Fantastic HypnoBirthing News from the US
A US hospital has started offering HypnoBirthing to its mothers for the first time, and the first birth has been predictably a great success. A great story here in the New Jersey Times, it looks like sanity may finally be catching on!
"The Hopewell Township woman was in paradise -- not as a result of frequent-flier miles or winning a contest. She reached the imaginary place through self-hypnosis -- and did so while in labor, opting for the self-induced state over pain medication to deliver a healthy baby boy, her first child, after four hours of labor.
Giller is the first to deliver her baby at University Medical Center at Princeton after completing the hospital's new HypnoBirthing course. The five-week course teaches expectant mothers self- hypnosis techniques such as visualization, guided imagery, special breathing techniques and positive affirmations. It can result in a faster, less painful and less stressful experience during a time traditionally distressing for the mom-to-be.
Says Linda Stout, certified Hyp noBirthing instructor and class teacher at UMCP: "Often the discomfort and pain felt in labor is brought on by tension caused by a mother's fear of pain. A woman who learns how to decrease her anxiety through techniques of Hyp noBirthing can also reduce the pain she feels."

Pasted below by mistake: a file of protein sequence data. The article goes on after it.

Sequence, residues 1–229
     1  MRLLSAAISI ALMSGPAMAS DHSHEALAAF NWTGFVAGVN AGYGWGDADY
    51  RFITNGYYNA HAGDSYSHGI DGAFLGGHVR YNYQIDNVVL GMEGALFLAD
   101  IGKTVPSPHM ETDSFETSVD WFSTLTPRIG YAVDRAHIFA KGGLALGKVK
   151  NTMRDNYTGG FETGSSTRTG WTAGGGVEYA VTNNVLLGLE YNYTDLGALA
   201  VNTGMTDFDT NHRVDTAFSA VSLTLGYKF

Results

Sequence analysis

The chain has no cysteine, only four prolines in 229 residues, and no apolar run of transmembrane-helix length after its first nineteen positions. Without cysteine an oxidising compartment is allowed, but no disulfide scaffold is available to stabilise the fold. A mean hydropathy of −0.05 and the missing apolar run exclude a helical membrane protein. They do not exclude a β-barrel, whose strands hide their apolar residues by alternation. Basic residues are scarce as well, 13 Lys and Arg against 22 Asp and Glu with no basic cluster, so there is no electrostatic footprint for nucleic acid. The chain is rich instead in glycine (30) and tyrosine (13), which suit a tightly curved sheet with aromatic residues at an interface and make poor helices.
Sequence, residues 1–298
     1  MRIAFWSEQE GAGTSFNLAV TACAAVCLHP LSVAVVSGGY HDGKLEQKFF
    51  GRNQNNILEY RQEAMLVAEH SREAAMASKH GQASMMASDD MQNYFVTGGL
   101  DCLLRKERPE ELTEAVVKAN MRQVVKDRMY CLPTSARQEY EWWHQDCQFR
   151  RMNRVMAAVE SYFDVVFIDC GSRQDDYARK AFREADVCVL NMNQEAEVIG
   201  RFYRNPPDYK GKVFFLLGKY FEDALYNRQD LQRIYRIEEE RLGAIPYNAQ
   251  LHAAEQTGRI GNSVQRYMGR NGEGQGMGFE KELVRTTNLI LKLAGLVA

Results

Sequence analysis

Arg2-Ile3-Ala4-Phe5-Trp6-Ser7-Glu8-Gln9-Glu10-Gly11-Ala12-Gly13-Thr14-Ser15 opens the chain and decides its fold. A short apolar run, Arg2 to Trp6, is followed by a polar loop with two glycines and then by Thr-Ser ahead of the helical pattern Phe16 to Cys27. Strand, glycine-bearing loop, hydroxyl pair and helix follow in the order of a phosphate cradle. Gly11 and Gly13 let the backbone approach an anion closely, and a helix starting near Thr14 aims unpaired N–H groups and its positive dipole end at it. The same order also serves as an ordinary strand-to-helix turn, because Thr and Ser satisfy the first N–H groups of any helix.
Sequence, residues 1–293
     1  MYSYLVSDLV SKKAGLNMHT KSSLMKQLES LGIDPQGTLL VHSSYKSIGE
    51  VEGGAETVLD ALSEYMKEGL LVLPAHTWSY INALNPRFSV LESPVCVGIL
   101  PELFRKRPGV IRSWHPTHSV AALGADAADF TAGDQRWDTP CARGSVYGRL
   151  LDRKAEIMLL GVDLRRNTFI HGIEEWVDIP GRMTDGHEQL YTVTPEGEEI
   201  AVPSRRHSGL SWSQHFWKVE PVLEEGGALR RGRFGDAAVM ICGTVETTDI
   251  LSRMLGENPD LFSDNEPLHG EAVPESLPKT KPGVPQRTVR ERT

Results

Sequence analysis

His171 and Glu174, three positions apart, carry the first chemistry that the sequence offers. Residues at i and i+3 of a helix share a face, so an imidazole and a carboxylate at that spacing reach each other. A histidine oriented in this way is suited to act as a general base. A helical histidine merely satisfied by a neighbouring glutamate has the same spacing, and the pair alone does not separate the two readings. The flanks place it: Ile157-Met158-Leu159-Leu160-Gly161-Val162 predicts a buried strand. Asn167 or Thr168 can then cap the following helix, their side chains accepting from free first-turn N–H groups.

For Giller, it couldn't have gone more smoothly. The pain of labor was manageable, she said, using hypnosis to work with her body instead of against it.
"The breathing technique helped me tremendously, and when I let go of the fear and pain, it was as if someone had just given me drugs," she says. "It totally re laxed me. I pictured a place where I was happy and a beach in the Caribbean is a happy place. In between the contractions, I pretended I was there."
Childbirth changes The business of birthing has changed over the years from the traditional hospital setting to one that now includes involvement by a midwife and the use of hypnosis as a way to reduce or eliminate pain medication. Some clinical studies have demonstrated the effectiveness of hypnosis in reducing pain following surgery, as well as provid ing relief from cancer, irritable bowel syndrome, fibromyalgia, headaches, arthritis and other conditions.
The HypnoBirthing program taught at UMCP was developed 18 years ago by New Hampshire hypnotist Marie Mongan and has since grown in popularity. Today, it is taught internationally by more than 1,700 doctors, nurses and midwives, including Stout, a registered nurse, who were trained and certi fied by Mongan's institute.
For the excited parents-to-be, the big moment arrived at 5:35 p.m. Dec. 16 when Susanne and husband, Oliver, welcomed a baby boy, Alexander Heinz Giller, who weighed in at 8 pounds, 4 ounces.
Four hours of labor.
No pain medication."
Katharine Graves is the teacher at The HypnoBirthing Centre, where she runs HypnoBirthing Courses in London and Southern England for expectant couples.